Julieta Lessne ’24 (she/ her)
Julieta: How are you today?
Adrienne: Great. Thanks for asking! How are you?
Julieta: I’m good. Thank you. So my first question is when did your love for creating art begin and how?
Adrienne: I don’t think I can assign that to a single moment in my life. There was no pivotal point in my life where I was like, oh, this is it. Think back to when you were a kid, when everyone likes to draw stuff. But then there are others who begin to really question it, I think, over time. I think that’s what separated me from my classmates or friends, understanding that I loved art.
Julieta: So was it an obvious choice for you to be an art major at Davidson? How did you make that decision?
Adrienne: Making that decision is a completely different story because I did get here through Early Decision. But had I not done that, I was admitted to the Art Institute of Chicago [SAIC] through the regular decision process. If I had to choose between that, Davidson’s Early Decision “binding” aside, I would have still chosen Davidson because I was interested in neuroscience and in the liberal arts education. My parents did ask me if I wanted to transfer to SAIC, but that didn’t make sense to me because I was developing a focal point in my art that was neuroscience-inspired. The language of neuroscience is important in my art.
Julieta: So would you say that neuroscience is what really inspires your art today?
Adrienne: Yeah. It started off as drawings and adaptations of visual representations of neural networks, but my artistic process developed into a conceptual thought. It became something that links neuroscience, the cognitive part of it, and self reflection. It became a way for me to understand myself through that process which nurtured my notion of identity in my art. Artists are always inquisitive of themselves. And for me, being self-inquisitive through neuroscience makes sense.
Julieta: So how would you describe your style?
Adrienne: It’s very gestural. The repeating forms originate from all the visual exposure I had in my neuroscience classes. I also started to incorporate Hangul, the Korean alphabet, into the tree-like structures. The visual forms come together under the same family, visually speaking. There’s one important detail about me: I’ve never lived in one country for more than three years and every three years, I was in a new country. This made me question my ethnicity, my nomadism, and my nomadic upbringing. So it’s important to me to address that complexity through that diversity of forms that come to me naturally — in gestures.
Julieta: So do you have a preferred medium?
Adrienne: I find gestural freedom in steel. But when it comes to two dimensional canvases and drawings, then it’s typically pastel, charcoal, [and/or] watercolor. I don’t have a specific favorite.
Julieta: So to transition into discussing your final art exhibition at Davidson, was there sort of a theme in mind when you were creating it or do you think that there’s a theme when you look at it now?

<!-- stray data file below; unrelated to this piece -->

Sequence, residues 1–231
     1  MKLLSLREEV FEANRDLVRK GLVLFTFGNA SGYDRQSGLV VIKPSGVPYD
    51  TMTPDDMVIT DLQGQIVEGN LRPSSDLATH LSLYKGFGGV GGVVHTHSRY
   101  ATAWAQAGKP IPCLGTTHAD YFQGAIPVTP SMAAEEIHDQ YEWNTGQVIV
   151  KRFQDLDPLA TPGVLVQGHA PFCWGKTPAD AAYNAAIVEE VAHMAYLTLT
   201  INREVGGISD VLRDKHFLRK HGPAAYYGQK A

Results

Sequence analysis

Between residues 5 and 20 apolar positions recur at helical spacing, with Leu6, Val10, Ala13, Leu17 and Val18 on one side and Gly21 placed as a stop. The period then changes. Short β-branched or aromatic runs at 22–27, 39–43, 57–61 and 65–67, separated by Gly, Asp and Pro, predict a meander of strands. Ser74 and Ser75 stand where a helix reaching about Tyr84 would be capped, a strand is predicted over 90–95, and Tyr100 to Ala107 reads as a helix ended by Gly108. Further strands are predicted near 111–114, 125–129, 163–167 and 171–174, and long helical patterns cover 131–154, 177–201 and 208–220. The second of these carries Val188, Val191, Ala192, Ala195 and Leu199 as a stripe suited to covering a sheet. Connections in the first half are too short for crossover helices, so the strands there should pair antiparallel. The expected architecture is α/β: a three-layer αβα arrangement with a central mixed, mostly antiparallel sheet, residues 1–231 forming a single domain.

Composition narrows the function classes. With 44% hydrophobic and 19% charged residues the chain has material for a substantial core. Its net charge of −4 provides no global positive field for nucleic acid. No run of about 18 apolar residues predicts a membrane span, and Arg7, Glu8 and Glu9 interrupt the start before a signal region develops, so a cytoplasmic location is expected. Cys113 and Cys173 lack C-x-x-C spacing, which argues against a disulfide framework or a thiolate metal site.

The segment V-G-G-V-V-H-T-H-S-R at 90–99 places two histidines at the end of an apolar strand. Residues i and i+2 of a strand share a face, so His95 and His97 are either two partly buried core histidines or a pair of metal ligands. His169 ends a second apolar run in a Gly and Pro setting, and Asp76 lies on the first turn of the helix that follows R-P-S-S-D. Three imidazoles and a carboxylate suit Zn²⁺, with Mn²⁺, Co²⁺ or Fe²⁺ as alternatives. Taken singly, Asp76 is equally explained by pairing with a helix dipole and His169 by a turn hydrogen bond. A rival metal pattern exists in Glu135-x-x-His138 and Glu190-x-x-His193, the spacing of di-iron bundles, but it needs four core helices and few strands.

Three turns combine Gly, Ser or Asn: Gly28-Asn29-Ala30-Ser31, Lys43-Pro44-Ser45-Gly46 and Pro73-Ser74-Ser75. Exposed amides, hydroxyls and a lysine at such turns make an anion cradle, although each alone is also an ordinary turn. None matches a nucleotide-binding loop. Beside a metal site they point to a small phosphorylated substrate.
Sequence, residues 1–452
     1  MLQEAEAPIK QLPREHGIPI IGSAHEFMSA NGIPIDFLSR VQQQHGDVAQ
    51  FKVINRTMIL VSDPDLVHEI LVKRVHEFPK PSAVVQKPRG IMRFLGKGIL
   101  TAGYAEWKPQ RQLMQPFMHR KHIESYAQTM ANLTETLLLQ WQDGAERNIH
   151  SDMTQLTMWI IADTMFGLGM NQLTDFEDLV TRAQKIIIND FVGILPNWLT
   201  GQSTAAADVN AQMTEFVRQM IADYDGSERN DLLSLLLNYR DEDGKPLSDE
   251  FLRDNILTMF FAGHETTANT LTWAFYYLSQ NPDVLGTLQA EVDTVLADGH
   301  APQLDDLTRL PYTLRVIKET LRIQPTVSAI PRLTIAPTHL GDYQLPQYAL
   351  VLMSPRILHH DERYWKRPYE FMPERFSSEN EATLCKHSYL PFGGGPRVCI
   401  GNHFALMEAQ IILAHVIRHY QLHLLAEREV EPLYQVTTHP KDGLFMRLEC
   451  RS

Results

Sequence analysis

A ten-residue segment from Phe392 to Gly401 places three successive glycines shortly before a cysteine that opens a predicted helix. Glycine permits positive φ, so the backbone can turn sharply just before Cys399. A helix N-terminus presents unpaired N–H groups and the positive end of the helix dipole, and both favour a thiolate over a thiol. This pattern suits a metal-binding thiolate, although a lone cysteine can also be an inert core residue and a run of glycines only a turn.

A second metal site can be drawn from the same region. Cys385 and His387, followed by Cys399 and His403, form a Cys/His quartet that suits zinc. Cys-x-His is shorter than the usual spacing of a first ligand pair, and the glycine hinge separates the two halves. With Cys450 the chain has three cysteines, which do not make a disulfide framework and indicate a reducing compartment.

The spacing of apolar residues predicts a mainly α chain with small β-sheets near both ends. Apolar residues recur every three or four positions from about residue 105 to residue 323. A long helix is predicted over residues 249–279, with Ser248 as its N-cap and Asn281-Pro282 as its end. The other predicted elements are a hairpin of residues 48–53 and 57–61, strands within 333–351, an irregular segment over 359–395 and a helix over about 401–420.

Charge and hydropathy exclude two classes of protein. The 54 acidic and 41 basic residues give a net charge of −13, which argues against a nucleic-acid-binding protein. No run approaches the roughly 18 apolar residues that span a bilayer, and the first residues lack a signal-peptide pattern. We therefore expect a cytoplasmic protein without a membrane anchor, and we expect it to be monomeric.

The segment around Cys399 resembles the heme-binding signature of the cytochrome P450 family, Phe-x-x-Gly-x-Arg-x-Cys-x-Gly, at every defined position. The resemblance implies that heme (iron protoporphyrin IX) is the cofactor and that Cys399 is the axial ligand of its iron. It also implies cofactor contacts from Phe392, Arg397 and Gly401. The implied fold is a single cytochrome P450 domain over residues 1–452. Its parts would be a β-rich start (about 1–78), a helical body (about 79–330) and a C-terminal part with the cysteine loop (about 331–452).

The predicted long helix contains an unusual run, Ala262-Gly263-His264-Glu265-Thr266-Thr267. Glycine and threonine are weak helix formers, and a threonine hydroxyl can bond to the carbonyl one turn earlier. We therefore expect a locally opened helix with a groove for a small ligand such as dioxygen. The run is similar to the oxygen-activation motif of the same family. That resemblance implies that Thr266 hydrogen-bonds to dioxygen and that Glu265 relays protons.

Adrienne: Everyone needs a certain theme for their own exhibition. I did not have a specific theme in mind until last year, March 2020. I was one of the few international students stuck on campus. I had all the time to be lost in the woods. That is when I started to bring in the tree-like, arboreal forms into my art. There is a reason why the title of my senior exhibition is “Ode to Self.” The complex visual forms in my work are, to me, quite poetic. I work with a lot of semantics and visual structures that try to find meaning about myself in terms of my ethnicity, in terms of my upbringing, and my super complicated cultural identity.
Julieta: Do you have a favorite piece in your exhibition?
Adrienne: I do want to say the Garden (Self-Portrait). It looks like a barricade or a fence. One of my friends — I’m going to quote him on this — said that it gave him a fight-or-flight response and that he felt so threatened by it. I love that. Garden reveals a part of me — how I have had to develop a thick skin to stay strong and to stay resilient throughout my upbringing.
Julieta: What do you hope people take away from viewing your exhibition, or what do you hope to problematize with it?
Adrienne: I want people to understand that bringing together visual art and neuroscience is possible. Their individualistic stereotypes need to go away. When you’re working in this niche, cross-disciplinary area at a liberal art institution such as Davidson, you need to understand that those stereotypes are exactly what block a lot of people’s creativity.
Julieta: Thank you so much.
“Ode to Self” was on display in the Smith Gallery from March 10–15, 2021. A virtual tour can be found here.
Adrienne Lee ‘21 (she/her/hers) is a Studio Art Major and Neuroscience Minor. She can be reached for comment at firstname.lastname@example.org.